A case study of induced trips at mixed-use developments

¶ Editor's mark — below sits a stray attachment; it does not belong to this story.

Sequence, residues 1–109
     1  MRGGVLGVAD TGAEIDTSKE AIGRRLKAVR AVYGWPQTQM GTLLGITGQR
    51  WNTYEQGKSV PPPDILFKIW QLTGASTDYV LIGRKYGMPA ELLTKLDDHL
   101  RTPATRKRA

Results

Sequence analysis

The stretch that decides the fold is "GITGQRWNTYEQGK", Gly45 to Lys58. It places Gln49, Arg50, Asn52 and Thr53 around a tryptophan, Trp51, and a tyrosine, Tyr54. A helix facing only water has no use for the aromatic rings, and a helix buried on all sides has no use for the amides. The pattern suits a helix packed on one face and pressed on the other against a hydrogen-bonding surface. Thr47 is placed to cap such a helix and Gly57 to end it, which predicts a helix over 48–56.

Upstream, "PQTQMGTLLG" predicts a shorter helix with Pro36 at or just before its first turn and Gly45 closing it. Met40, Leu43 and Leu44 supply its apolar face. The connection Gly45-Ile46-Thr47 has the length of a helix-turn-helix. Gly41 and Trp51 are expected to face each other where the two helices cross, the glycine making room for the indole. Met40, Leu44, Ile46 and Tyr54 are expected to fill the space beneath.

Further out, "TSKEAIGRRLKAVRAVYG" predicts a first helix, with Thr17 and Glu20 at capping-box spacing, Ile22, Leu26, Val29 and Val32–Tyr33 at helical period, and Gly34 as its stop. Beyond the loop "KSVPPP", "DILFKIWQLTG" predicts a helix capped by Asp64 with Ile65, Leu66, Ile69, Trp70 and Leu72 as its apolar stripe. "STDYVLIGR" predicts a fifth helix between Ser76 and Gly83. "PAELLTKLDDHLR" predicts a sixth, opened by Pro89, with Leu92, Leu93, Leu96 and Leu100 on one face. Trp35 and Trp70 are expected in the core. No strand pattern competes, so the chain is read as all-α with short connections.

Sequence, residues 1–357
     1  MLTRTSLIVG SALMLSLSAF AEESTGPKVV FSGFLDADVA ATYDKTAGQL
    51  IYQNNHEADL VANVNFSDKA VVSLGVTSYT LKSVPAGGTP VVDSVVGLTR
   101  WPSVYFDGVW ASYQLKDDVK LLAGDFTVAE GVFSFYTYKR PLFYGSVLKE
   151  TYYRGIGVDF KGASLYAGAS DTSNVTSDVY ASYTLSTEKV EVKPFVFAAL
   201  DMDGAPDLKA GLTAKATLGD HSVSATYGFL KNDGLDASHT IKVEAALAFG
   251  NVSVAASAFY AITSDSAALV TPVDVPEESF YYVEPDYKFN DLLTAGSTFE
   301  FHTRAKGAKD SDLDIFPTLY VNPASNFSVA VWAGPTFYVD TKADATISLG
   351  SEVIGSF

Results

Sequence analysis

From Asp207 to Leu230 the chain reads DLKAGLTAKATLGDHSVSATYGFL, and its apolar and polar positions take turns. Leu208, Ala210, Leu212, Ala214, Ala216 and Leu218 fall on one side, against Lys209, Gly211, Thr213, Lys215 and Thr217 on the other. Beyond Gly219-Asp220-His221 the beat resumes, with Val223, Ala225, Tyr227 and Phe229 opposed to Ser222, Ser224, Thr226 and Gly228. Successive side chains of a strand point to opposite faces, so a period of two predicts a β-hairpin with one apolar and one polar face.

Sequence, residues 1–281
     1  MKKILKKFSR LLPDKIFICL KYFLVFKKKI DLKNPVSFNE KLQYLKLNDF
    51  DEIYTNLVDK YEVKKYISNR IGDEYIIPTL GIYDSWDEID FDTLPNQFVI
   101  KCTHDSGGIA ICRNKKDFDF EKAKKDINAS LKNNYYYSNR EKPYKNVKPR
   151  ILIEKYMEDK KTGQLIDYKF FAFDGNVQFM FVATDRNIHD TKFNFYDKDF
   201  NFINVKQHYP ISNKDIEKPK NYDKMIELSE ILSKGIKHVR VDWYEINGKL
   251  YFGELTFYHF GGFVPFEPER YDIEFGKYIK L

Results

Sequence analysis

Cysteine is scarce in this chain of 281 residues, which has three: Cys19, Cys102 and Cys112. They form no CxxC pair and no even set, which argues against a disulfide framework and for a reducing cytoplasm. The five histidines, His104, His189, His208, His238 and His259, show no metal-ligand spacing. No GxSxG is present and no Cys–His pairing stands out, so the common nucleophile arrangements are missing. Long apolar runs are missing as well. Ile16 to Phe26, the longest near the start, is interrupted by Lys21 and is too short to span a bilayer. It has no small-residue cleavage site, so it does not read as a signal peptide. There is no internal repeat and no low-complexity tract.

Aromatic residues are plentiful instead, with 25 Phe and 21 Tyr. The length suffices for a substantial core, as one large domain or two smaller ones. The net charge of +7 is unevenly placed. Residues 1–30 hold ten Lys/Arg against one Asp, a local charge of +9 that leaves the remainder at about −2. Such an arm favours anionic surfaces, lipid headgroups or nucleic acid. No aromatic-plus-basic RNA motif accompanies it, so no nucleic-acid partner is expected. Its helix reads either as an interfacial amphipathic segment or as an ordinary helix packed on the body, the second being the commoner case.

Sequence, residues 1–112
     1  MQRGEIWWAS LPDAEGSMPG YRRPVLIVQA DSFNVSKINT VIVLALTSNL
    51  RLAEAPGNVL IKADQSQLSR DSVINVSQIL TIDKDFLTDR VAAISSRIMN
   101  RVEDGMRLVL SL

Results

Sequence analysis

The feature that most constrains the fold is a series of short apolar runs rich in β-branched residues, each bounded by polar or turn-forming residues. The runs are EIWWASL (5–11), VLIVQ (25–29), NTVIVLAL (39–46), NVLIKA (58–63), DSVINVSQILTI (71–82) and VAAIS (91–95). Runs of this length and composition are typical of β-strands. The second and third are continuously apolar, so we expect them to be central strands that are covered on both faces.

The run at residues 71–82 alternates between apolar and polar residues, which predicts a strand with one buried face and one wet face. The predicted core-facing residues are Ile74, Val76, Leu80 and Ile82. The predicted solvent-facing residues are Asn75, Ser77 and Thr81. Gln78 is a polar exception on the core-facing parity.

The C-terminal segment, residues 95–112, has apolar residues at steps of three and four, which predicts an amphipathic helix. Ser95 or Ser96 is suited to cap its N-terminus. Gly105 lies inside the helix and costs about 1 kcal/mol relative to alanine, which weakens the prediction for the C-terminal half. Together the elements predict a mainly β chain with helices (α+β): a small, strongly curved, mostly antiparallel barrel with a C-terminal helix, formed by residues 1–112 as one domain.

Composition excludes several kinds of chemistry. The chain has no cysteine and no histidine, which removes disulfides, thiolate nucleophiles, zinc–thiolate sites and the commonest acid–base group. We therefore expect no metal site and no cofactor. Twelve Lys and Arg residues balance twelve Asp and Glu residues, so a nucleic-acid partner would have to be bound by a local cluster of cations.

Conventional thinking suggests that pedestrian-friendly, mixed-land-use developments will contribute to an overall reduction in travel by providing an alternative to automobile travel. However, these elements may serve to increase travel demand by reducing the overall cost of travel—a phenomenon generally known as ‘induced’ travel. To date, most studies of induced travel have focused on aggregate travel patterns, without examining how development patterns may influence people’s trip-making decisions. To fill a void in the empirical research, we examine the potential for induced trip making at mixed-use developments by analyzing data obtained from a survey of travelers at a typical mixed-use site in suburban Dallas, Texas, USA. Our analysis found that during both the morning and afternoon study periods, at least some percentage of internal trips at the case-study site were induced, and not ‘captured’ from the external street network as is typically assumed. Induced trips by land-use pair and travel mode are also reported. Even with the induced trips, a reduction in regional vehicle-miles traveled can still be realized at mixed-use developments sites due to the propensity for those trips to be made on foot. Induced travel also has implications for the development of traffic-impact studies for proposed mixed-use sites, which generally assume that all internal trips are replacing external trips. Planners, policy makers, politicians, and other stakeholders exploring mixed-use developments as a land-use solution to urban traffic congestion and air-quality issues are encouraged to consider the implications of induced travel in the mixed-use environment. Keywords: induced trips, mixed-use developments, neotraditional neighborhood development, traffic impact analysis, trip generation
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